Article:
April 11, 2012 at 6:21 am

      Body weight, BMI, waist size are commonly used by doctors and society at large to judge the attractiveness & health of both men & women (but mostly women)… However, social customs on attractiveness are not universal…some men actually do prefer women with some meat on them. It’s primarily the constant media focus on thinness that is driving society’s obsession with thin = beautiful.

      When it comes to health, the bathroom scale or a bMI is a poor measurement…BP, C-Reactive protein, etc are better measurements of our health

  2. renaissancedme

    April 9, 2012 at 7:38 pm

    I know several overweight women who have a barrier that seldom gets discussed. Its’ called PTSD. I’m one of them. It is a very traumatic experience to exercise and have people stand behind you and call you an oinker and laugh at the size of your buttocks or to make fake slapping sounds. it is traumatic to go to a gym and be treated as if one is a second class citizen or a lower life form. You get pushed out of the way for the muscleheads and for the bikini babes. Personal trainers treat you like garbage and the people at the desk, who are so ready to take your money, won’t even give you the time of day if you want to sign up for a class. They ask you not to stand near windows  because it discourages other people from joining the gym!  Everywhere you go, you get picked on and laughed at and treated like dirt and told not to move, because you shouldn’t draw attention to your ugly exterior. Then, people bitch because you won’t exercise and are still fat!  Maybe if people ENCOURAGED overweight women to exercise for their own health and treated them like human beings with feelings they would exercise.  I do exercise, as I can, at home, without equipment. I wouldn’t join a gym for anything! Which is okay, because last time LA Fitness had a special – the gym I could most easily get to – the people passing out coupons and information wouldn’t even talk to the overweight women that were walking by. The overweight men, yes, but, not the women – not even when we stood there and said “Excuse  me!” and they saw us. They turned their heads and headed towards women that looked like models.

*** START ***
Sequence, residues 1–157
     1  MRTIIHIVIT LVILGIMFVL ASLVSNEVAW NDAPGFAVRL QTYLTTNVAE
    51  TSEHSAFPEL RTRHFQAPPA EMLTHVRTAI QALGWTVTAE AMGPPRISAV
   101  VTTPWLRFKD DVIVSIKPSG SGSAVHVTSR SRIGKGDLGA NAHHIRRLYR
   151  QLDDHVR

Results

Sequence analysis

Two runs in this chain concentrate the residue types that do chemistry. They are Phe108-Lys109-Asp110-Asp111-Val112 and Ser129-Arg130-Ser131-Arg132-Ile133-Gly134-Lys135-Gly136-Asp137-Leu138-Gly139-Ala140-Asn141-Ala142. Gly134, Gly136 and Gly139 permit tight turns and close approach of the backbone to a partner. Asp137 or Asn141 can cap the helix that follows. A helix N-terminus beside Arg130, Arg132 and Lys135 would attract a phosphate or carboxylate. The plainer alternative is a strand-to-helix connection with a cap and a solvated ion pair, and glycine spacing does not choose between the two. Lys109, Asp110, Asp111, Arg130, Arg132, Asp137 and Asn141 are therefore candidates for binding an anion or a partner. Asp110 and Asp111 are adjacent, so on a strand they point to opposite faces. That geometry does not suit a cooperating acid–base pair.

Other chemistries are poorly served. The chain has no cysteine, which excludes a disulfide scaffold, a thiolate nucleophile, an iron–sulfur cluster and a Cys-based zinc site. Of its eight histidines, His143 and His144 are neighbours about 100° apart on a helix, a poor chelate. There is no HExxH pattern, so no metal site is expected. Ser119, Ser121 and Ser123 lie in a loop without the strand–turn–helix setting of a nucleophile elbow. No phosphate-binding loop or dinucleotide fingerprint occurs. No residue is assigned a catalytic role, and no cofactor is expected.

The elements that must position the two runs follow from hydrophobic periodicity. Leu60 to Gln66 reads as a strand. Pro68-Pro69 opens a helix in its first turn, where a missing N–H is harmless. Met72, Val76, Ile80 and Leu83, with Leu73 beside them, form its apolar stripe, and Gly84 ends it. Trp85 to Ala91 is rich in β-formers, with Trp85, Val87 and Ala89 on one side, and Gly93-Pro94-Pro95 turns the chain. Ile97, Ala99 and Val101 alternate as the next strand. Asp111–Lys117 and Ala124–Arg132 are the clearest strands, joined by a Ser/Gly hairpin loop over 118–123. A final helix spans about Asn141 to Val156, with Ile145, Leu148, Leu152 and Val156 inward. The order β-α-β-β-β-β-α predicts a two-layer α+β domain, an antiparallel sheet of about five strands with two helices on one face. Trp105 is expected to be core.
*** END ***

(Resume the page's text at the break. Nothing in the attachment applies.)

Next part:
• healthhabits

      April 11, 2012 at 6:17 am

      There are a LOT of a-holes in the fitness business.

      Sadly, the industry is mostly focused on appearance instead of health. But not totally. There are some of us out there who care about the health of our clients and not just the health of our bank accounts

  3. Julia Kirkey

    April 7, 2012 at 11:46 am

    I don’t know that there is a direct correlation between fast food restaurants and the need for female-friendly health clubs. You had me until that comment. More to blame, in that case, is society as a whole who show us fitness models in tiny clothes looking fit and fabulous and not breaking a sweat. I know a women who is so paranoid about men looking at her and judging her because she’s “dressed down” for the gym. People also need to realize that weight and health are not necessarily linked and fast food is not the only thing to blame for these women being bigger – genetics plays a role. As a woman who weight trains 6 times a week, does cardio 3-4 times a week, and eats a totally clean diet (read: no fast food) I have always been medically considered “overweight” at 185lbs with a BMI of 27.7. I don’t care about working out next to men, I lift more than most of them, but people may look at me and assume I’m some gym newbie because I’m not thin. It’s just not my body type. I’m very healthy and I won’t starve myself to achieve an “ideal”. In order to do away with niche gyms we need to change the thinking that thin = fit.